Penn & Teller—A Funny, Magical Duo
Posted on 10/31/2016
A cell phone was ringing in the gut of a dead fish, 100 needles were swallowed, and an American Flag vanished into thin air. These were among the magical tricks Penn & Teller performed at their recent State Theatre New Jersey appearance. The audience participated as a few people were hand-picked to join them on stage.
For over 40 years, the duo has been performing their unique magic for countless audiences. Their Las Vegas show has been running for 15 years and is the longest one in the city’s history. Combining magic, comedy, philosophy, and physics, the result is nothing short of genius.
The show started with an audience member giving up her cell phone which eventually ended up ringing inside the carcass of a fish in a box, under a seat in the audience. Working in tandem, Penn speaks and Teller fleshes out the acts with hilarious quirky movements and facial expressions, endearing him to the audience. In one act Teller turned coins into goldfish. Gently placing coins into a participant’s hands, he then transfers them to the tank, stirs the water, and voila —a flurry of goldfish appears. Prior to lighting up a flag, Penn commented on the duo’s patriotism. A flick of a lighter and the flag vanishes, only to reappear waving on the flagpole.
For one of the acts, they explained the mechanics of sleight of hand. Teller smokes a cigarette, performs a trick with it, and then Penn tells the audience that in order to understand Teller’s life (how he does magic) one needs to understand the 7 basic principles of magic. Penn debunks the trick, explaining the principles, but some people—myself included—prefer to stay in the mystery of it all, not wanting to know the how.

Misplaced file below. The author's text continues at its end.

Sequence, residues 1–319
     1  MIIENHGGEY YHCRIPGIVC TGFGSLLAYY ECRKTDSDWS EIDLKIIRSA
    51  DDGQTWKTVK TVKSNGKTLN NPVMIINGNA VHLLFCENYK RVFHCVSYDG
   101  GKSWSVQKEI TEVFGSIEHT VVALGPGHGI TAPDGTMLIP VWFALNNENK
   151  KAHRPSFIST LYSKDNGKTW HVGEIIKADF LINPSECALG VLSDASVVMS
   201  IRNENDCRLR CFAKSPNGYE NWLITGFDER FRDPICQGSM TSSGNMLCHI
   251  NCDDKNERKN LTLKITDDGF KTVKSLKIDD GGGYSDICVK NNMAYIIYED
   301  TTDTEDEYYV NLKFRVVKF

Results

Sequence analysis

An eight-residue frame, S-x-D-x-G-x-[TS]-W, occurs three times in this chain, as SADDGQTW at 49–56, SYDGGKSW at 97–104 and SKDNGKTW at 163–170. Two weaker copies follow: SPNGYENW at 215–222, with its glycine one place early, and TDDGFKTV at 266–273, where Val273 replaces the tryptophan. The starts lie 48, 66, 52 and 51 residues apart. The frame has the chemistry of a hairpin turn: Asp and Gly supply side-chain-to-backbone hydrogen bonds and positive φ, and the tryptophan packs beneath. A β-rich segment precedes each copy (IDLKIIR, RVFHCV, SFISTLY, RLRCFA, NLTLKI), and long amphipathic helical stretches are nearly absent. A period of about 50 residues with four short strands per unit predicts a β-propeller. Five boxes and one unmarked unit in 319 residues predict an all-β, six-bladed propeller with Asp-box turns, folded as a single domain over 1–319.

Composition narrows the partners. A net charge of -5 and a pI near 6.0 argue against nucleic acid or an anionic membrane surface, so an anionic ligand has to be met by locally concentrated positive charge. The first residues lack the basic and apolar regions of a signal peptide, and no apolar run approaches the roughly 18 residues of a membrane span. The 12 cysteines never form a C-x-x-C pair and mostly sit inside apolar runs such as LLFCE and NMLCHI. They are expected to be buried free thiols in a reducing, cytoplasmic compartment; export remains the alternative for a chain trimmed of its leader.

The amazing Needle Trick starts with Teller meticulously swallowing 100 needles and through facial and body contortions, he convinces the audience that all 100 have settled in his stomach. He retrieves them slowly and magically, and when they reappear from his mouth they are strung together on six feet of thread. The trick is based on an Ancient East Indian illusion and it was the first trick Penn saw Teller perform many years ago in Central New Jersey. The trick Shadows wowed me. A rose sits in a vase and its shadow appears on a drawing pad resting on an easel. Teller cuts the shadow of the flower’s leaves and petals and the real flower falls in unison.
The evening ended with a darkened theater as Penn explained the duo’s love of the American Sideshow, part of traveling carnivals. He said the dark theater was reminiscent of a carnival tent and so we were in their tent. Teller lights a few sticks and hands them to Penn who then performs a fire-eating trick.
The talented duo’s love of magic is palatable and contagious. And while they give a taste of debunking the mystery of it all, they also leave you in a state of wonder and awe which are the gifts of magic.
By Elizabeth Millar